Brian Boulmay elaborated on the merits of ‘enterprise-pattern deployment’. GIS is now a comprehensive imaging and remote sensing application. A new SiteScan application extends the functionality of the Drone2Map desktop drone mapping app for multi drone planning and acquisition. A new product ‘ArcGIS Velocity’ offers cloud native IoT function in the GIS to track people and events in the field. Esri now also offers a graph database in the form of ArcGIS Knowledge. Matt Ballard (Esri) explained how a graph database stores the relationships between entities, as opposed to rows and columns. ArcGIS Knowledge allows graph algorithms and spatial analytics to be applied to the supply chain, showing a map of suppliers, raw materials and their interconnections.

Josh Townsend (BP and IOGP) presented on the recent update of GIGS, the IOGP’s toolset that assures the ‘Geospatial integrity of geoscience software’. Despite the best efforts of GIGS V1 (since 2011) poor quality spatial data still poses a ‘significant and severe risk’ with possible errors of tens of kilometers. The GIGS 2.0 toolkit including test data, checklists and guidelines. V2.0 was built by BP, Petrobras and EIVA A/S, and is managed by the IOGP’s Geomatics unit*. The framework for testing and improving spatial integrity is available at the GIGS portal. Testers can find machine readable tests, a new help system and a package of synthetic geoscience test data with global coverage including wells and 3D seismic volumes. GIGS is currently working on a Python bridge. More on GIGS in the Oil IT Journal contributed paper from Josh Townsend.

* See also the great video explaining the new plate tectonics-compatible dynamic coordinate reference system.

James Bowler and John Arundell presented Shell’s Project Discovery, a map-based business intelligence system for Shell’s marine unit. Shell has up to 2,000 vessels at sea at any one time, across multiple lines of business. Discovery provides the big picture of this activity for, inter alia, insurance purposes. The system shows real time vessel locations and capabilities and seasonal weather data, allowing for rapid response to situations such as wars, and container ships grounded in the Suez Canal! Maritime data in the system includes vessel destination, pilot status, bunkering, cargo and more. Discovery is built on myMap, Shell’s branded edition of ArcGIS Online (AGOL). The system was configured with standard Web App Builder functionality. This has proved to be a ‘stable, repeatable way of exposing map services’. Discovery makes use of FME Server Workspaces for data ingestion into a pipeline that passes through SDE, ArcGIS Pro and AGOL. The system is accessed through a map interface configured for each use case. For insurance purposes, a widget can select and display downstream vessels in a geofenced high risk area for analysis.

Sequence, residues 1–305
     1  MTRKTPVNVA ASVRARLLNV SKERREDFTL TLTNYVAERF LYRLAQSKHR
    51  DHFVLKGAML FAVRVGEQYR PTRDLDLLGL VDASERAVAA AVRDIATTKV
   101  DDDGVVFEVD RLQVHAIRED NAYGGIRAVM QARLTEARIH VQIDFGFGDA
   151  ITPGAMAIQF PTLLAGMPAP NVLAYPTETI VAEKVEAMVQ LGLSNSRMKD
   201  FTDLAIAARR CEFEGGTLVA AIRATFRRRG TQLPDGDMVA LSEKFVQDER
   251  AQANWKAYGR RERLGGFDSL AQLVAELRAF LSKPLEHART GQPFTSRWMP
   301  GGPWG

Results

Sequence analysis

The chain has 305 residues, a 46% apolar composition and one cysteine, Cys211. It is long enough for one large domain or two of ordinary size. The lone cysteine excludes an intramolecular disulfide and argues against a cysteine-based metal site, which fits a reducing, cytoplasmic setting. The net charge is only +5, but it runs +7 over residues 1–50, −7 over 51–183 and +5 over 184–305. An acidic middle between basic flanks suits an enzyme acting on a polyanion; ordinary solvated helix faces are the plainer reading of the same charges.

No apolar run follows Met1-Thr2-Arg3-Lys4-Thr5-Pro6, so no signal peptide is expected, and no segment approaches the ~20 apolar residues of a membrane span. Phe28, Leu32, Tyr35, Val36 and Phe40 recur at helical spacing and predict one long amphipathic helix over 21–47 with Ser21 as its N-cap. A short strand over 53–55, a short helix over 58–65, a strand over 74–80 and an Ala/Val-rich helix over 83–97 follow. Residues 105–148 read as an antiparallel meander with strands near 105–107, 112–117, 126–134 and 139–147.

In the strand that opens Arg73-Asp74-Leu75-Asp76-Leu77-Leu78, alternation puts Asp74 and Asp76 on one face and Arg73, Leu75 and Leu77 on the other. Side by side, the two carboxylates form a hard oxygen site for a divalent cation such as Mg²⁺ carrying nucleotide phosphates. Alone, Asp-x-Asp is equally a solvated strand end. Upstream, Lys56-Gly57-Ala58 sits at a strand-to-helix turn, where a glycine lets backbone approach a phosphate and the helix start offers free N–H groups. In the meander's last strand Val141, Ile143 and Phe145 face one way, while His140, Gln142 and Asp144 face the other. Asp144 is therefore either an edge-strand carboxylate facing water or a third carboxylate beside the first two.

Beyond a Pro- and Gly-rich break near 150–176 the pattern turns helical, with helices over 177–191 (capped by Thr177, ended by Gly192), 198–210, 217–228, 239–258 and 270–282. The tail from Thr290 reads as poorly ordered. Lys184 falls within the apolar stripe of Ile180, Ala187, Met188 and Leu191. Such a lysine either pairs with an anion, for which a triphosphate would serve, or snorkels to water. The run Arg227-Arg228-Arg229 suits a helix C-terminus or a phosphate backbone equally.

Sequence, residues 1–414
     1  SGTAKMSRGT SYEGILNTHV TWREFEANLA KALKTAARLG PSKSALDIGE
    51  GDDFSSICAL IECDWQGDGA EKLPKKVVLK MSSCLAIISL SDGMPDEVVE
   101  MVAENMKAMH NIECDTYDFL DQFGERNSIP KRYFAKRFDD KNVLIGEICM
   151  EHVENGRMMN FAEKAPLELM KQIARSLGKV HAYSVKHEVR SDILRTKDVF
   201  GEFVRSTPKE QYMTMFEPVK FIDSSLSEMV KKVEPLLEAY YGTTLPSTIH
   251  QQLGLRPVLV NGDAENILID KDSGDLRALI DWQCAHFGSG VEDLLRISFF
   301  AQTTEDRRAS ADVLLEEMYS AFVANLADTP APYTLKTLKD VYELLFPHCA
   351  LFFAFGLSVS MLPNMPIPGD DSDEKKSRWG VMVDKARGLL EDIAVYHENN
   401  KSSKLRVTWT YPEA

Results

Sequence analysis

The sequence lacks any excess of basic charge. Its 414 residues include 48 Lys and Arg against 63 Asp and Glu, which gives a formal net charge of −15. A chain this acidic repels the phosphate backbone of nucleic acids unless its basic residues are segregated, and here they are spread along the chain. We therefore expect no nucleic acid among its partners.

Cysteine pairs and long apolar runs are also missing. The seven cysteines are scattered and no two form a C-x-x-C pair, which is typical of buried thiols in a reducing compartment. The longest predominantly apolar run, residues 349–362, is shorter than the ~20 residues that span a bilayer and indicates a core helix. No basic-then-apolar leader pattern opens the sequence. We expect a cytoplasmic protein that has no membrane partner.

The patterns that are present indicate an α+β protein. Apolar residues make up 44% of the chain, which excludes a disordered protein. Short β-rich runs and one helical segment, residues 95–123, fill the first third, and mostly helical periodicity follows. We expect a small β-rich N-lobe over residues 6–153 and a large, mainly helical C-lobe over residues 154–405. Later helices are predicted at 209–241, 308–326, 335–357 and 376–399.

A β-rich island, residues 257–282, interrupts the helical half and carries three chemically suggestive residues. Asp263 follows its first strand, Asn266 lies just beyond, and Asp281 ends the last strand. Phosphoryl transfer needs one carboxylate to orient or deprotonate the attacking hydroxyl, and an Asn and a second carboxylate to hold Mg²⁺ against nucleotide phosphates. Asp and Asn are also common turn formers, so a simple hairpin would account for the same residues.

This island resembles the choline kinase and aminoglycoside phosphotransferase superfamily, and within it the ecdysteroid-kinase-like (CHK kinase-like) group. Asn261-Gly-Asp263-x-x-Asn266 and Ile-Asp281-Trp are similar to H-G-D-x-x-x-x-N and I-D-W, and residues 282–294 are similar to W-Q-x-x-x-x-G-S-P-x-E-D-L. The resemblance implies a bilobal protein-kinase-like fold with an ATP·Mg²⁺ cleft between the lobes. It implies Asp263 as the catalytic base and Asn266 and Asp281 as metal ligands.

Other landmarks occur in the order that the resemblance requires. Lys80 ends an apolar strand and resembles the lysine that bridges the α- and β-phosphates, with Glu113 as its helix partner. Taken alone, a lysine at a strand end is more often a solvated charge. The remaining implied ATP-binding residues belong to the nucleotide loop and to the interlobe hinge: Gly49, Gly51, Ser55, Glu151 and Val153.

Romain Collette and Lance Valeroso (TotalEnergies) presented on GIS use in oil spill contingency planning. Total’s system addresses ESG impact and biodiversity data management. Oil spill contingency planning involves mapping for anti-pollution strategies, tracking spill location and projected path alongside locations of societal and environmental ‘sensitivities’ i.e. high consequence areas. During a crisis, daily ArcMap updates are pushed to a WebGIS Portal for action and mitigation measures. Total Energies ‘Kompass’ application combines ArcGIS crisis datasets and the open source GeoServer. Failure during a crisis is not an option so AGOL is used as a backup. A demo showed a Gulf of Mexico oil spill and various HCAs along the coast, along with the locations of available mitigation measures such as buoys and booms and local ground crews for clean-up. Crisis support is a collaborative exercise requiring many competencies. Reactivity is key and GIS is a crucial component of TE’s crisis management process.

Martine Espeseth (Kongsberg Satellite Services) presented an oil spill drift model that relates observed satellite color and sheen with spill thickness variations. A machine learning model using Spot satellite observation of a 2019 Java Sea oil spill has been calibrated with sheen style, from patchy ‘rainbow’ sheen to ‘metallic’ sheen indicating an actionable continuous oil spill. The system includes an oil drift model to forecast spill direction and a ‘hindcast’ to help identify the guilty party. KSAT is now working to verify its model with time series data from SAR and optical satellites and ascertaining the usefulness of including more data in initiating and updating the model.